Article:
cerebral-palsy-imageWhen I was a senior in high school, I was in a kick ass creative writing class. The woman who taught it had also taught me junior English and I liked her immensely. In fact, thanks to Facebook, we are still in touch today. We have always had a nice connection. One of the things I thoroughly enjoyed about this particular class was the interesting assignments that we were given to write about. Every student had started a journal at the beginning of the semester, and twice a week or so, we were given a new topic to explore in our writing. One such topic resonated with me to such an extent that I remember it clearly more than 30 years later.

As we entered class one particular morning, the message on the blackboard told us to start writing in our journals by completing the following sentence and explaining why.

“I would hate you somewhat less if…”

It was the perfect opportunity to write about all the frustration caused by my disability.

Back then, my cerebral palsy was a bully, tough and mean, that tangled with my body and caused me pain and spasm. But it affected me so much more than physically. It was only because I was a wheelchair user that I could not fit under any of the tables in the cafeteria, so I sat by myself, learning my wheelchair against a brick pillar that was the only thing wide enough to accommodate my mode of transportation.

More painful to my heart, though, was my perceived idea that my cerebral palsy caused my isolation. Like all teenagers, I wanted to fit in, have a place among the “cool” crowd. I was lonely, and I longed to belong. But most of my peers at the time magnified my differences, and on numerous occasions, specific things happened that made me believe how much I wasn’t one of “them.” That is what kids do sometimes. Cerebral palsy sneered and hissed.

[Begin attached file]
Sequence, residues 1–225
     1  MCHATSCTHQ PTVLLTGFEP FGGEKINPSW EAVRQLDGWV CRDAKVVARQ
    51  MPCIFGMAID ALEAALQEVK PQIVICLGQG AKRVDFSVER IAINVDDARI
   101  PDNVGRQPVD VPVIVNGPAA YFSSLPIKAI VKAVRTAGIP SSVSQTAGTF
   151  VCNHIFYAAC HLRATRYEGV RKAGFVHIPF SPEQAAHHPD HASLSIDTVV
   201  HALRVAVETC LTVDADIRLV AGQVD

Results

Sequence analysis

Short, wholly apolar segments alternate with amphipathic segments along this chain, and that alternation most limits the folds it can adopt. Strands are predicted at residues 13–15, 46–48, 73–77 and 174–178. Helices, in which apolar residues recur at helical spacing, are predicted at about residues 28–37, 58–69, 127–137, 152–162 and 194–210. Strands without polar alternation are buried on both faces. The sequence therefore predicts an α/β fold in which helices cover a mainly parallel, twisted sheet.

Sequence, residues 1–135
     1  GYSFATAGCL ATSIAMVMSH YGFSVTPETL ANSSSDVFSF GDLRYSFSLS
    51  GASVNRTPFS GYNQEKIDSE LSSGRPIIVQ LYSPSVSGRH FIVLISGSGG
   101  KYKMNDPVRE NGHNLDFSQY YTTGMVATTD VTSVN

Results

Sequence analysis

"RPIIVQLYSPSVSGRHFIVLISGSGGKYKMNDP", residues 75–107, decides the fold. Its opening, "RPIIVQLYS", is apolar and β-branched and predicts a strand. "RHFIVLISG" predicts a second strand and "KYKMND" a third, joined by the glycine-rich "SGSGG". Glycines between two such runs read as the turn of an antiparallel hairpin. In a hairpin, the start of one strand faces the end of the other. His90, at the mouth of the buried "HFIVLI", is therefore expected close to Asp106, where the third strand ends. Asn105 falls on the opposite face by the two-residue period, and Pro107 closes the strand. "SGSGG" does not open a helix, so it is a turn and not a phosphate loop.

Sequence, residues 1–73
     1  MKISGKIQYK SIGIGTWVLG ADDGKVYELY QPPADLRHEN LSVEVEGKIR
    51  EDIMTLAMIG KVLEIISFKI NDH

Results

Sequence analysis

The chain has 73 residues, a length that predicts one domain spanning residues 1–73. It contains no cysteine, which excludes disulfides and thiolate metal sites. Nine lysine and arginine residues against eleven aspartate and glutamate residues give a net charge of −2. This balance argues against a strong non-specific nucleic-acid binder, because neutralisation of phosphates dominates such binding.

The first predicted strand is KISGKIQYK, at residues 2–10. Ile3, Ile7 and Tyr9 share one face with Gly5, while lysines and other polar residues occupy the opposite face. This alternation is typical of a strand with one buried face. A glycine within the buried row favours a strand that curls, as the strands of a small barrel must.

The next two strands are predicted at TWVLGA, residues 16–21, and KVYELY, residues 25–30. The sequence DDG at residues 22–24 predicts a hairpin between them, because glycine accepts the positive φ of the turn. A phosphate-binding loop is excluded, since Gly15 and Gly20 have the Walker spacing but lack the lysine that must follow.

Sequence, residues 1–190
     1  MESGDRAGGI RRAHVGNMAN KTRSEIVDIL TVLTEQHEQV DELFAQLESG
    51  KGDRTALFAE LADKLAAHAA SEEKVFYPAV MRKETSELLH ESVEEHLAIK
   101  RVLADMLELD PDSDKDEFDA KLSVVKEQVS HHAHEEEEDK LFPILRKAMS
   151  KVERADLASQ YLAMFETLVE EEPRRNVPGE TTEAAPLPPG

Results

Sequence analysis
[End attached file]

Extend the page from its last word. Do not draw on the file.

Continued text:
Late at night it always seemed to whisper:



“You can’t climb a tree like most people. You can’t even drive. I’ll always make you different.”
A few months after I started high school, I got involved in sports. I lifted weights. I worked out hard. Pushing my wheelchair quickly around the track gave me a sense of power and control. It was only over time I realized that I would not be excelling in sports if I didn’t have a disability.

Cerebral palsy was watching closely, taking it all in, but stayed quiet.


In my first job after college, I learned some advocacy skills. It became clear to me soon after that I could use those skills to not only help myself but be a voice for others with disabilities who could not tell their stories on their own. On numerous occasions, I had the opportunity to go to the state capitol and give testimony to senators and representatives about programs that would be beneficial for those of us with disabilities.

A few years later, I was lucky enough to be on the state committee that designed a program that enabled people with disabilities to work without losing their eligibility for the state to pay their caregivers. That program started in 2007 and was a big win for the disability community in Kansas. At one point I met the governor, by myself, and the two of us had a conversation about how important it was for people with disabilities to live in the community with the support of caregivers, instead of living in nursing homes. She wholeheartedly agreed with me.

Cerebral palsy moved closer to me and seemed to be impressed.

As the years have gone by I have learned to embrace my disability instead of fighting against it. In the winter, when the cold weather makes my spasms and stiffness worse, I stay in bed, under my electric blanket, about an hour longer than usual. The extra time helps me move better all day.

Research has taught me that people with cerebral palsy tend to have good memories. On various occasions, when I am talking to friends, I can recall good experiences we had many years before that they had since forgotten. Seeing an unexpected smile when that happens always makes my day.
I wouldn’t dance, or see the world in the same way that I do without my disability being what it is. And I also wouldn’t have my service dog.  I literally could not imagine my life without her. These days, cerebral palsy takes my hand, and we work together.


I see my disability as a buddy instead of a bully.

Late at night it still whispers “I’ll always make you different.”


And I hope to God it is true.